With this in mind, DMU functions as a network of more than 150 educators and organizers who develop anti-racist design curricula for undergraduate students across the United States and Canada in order to “challenge hegemonic pedagogies, canons, and epistemologies.” DMU course offerings are co-taught to fairly distribute teaching opportunities, pairing “seasoned educators with less experienced instructors,” explains Low.
By democratizing resources and creating new models of design education, DMU, Office Hours, and DAP all operate as spaces of generosity and mutual care, themes that have also been central to the work of BlackSpace Urbanist Collective since its formation in 2015. Working largely within historically Black neighborhoods, BlackSpace leads design charrettes, manifesto talks, and speculative design workshops that center on Black experience, imagination, and joy.
In their influential book on organizational strategy and facilitation, Emergent Strategy: Shaping Change, Changing Worlds, Adrienne Maree brown asks, “Do you understand that your quality of life and your survival are tied to how authentic and generous the connections are between you and the people and places you live with and in?” The book informed the second line of BlackSpace’s 2019 Manifesto: “Choose critical connections over critical mass. Focus on creating critical and authentic relationships to support mutual adaptation and evolution over time.” By fostering authentic connections among Black urban planners and following ideals of healing and restoration, the collective aims to protect and design the future of Black spaces.
For Design Advocates (DA), collective change is rooted in deep listening. “We learned early in [our] process that there’s a familiar, well-rehearsed approach that architects have in disaster, where they show up and want to communicate their expertise to communities immediately without really listening and understanding,” remarks Michael K. Chen, principal of Michael K Chen Architecture and president of DA.
At the onset of the pandemic, DA formed as a network of architects and designers collecting and sharing data to support small firms navigating lockdown. Recognizing their own relatively secure position and access to resources, DA quickly expanded to form a nonprofit collective that offers pro bono design services to small businesses and organizations in New York City affected by COVID-19. Help ranges from delivering meals to seniors in Chinatown to developing early outdoor parklet dining concepts for restaurants. None of their work could be done without trust-building and listening from the very beginning of the design process. “More often than not, we were acting as agents for these businesses that never had direct access to the Department of Transportation or Department of Buildings before,” explains Fauzia Khanani, vice president of DA and organizer at DAP.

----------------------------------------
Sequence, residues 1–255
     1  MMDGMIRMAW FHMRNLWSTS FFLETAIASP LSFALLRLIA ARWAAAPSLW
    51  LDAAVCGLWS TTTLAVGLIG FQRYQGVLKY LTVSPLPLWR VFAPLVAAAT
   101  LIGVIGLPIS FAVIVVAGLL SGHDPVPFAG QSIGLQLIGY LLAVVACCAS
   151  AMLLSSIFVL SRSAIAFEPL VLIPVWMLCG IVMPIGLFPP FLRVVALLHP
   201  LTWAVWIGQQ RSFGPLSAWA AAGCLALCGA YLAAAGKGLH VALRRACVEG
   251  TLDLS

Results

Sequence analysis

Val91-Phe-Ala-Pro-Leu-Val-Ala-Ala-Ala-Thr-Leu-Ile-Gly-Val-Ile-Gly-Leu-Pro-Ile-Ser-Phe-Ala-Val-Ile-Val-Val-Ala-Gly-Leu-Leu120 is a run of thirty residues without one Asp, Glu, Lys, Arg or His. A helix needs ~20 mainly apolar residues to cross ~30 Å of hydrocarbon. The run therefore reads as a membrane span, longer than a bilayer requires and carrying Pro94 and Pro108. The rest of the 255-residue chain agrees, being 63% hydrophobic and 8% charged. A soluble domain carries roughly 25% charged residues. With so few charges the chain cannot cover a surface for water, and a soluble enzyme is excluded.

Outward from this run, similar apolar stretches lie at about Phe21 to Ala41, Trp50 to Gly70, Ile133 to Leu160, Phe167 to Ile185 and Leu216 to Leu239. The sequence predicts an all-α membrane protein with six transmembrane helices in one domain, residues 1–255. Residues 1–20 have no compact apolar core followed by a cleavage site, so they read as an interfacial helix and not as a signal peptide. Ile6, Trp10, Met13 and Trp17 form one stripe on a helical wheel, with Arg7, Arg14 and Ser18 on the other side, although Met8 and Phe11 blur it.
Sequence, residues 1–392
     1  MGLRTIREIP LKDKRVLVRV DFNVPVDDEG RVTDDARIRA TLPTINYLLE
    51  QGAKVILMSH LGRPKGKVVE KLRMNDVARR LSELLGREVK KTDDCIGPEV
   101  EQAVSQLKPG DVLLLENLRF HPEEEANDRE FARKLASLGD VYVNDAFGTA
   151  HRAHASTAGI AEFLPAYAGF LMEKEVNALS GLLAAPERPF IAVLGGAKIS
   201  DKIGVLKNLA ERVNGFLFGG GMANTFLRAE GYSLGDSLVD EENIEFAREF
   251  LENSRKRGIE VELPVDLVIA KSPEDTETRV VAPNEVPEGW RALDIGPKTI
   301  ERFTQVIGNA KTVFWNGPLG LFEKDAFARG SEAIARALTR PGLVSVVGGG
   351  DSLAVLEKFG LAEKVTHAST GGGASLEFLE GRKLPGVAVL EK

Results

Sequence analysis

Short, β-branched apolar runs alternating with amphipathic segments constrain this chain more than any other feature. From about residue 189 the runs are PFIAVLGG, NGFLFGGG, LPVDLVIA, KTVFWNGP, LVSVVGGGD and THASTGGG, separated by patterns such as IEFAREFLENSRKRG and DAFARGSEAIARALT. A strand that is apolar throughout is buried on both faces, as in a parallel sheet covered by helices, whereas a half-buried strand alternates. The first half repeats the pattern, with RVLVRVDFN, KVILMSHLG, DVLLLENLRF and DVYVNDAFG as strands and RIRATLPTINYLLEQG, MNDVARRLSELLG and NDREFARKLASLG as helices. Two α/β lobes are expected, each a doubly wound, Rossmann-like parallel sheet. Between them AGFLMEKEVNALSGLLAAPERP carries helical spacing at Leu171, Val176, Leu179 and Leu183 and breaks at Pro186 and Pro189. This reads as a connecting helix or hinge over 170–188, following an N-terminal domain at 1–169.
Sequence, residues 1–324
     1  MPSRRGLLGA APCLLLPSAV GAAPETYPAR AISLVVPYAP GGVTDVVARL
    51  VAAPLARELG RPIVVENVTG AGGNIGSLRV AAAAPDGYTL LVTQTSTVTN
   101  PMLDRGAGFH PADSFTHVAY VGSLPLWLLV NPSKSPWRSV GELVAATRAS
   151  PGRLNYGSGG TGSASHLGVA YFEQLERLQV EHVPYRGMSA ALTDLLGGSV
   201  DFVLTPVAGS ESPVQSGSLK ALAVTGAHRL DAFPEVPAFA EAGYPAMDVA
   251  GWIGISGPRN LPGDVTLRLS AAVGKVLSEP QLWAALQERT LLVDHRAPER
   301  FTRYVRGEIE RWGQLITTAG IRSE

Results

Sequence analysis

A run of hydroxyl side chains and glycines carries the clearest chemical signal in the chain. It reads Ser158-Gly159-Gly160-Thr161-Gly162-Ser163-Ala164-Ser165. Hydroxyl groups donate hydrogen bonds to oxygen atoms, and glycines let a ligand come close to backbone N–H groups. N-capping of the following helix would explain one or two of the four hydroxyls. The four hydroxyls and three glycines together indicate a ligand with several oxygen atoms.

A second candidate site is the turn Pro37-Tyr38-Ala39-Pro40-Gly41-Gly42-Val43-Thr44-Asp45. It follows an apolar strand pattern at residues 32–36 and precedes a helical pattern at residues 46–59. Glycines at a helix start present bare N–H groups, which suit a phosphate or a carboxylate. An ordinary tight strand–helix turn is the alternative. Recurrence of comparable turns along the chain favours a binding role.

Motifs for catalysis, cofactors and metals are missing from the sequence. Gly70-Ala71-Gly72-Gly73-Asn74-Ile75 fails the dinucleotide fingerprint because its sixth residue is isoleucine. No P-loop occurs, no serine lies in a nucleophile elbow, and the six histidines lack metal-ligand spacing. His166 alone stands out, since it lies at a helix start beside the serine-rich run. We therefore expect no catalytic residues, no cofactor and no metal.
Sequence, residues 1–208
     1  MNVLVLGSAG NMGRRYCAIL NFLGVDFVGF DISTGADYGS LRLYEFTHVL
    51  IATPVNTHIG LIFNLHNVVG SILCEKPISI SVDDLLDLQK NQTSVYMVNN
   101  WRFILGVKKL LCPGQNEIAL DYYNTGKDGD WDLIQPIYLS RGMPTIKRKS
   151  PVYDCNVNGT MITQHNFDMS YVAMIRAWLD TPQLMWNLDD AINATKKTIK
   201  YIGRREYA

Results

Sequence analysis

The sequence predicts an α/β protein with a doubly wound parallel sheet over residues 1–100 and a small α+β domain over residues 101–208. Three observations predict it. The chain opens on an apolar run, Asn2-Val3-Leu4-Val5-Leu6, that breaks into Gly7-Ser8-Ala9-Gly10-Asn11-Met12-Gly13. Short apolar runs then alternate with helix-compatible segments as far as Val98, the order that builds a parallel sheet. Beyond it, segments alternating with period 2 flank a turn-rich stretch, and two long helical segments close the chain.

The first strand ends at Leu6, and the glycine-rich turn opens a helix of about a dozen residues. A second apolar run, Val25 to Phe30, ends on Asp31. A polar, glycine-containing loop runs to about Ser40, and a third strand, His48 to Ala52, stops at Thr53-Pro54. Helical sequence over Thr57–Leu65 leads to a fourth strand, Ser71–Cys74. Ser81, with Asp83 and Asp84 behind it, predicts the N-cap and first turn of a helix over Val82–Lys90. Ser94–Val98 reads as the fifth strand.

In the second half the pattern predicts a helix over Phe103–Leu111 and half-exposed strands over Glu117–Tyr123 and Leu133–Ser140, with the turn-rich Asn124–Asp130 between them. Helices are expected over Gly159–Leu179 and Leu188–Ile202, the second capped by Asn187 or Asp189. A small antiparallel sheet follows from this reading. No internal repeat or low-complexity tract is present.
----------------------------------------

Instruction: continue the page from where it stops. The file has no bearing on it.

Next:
To authentically engage with your community means showing up with the awareness that multifaceted identities and perspectives have the power to initiate change. All of these initiatives prioritize the lived experience of those negatively affected by white supremacy, colonialism, and capitalism in order to challenge the few viewpoints that maintain institutional power. Office Hours advocates for the power of self-identification—it’s part of why everyone on the calls is required to turn on their camera as a way to build trust and community while conveying that this Zoom room is a safe space for students to ask questions and be in dialogue with BIPOC practitioners rather than white mentors. Choi notes, “I have to be mindful that I’m not centering my own experience but providing a fair platform for others.”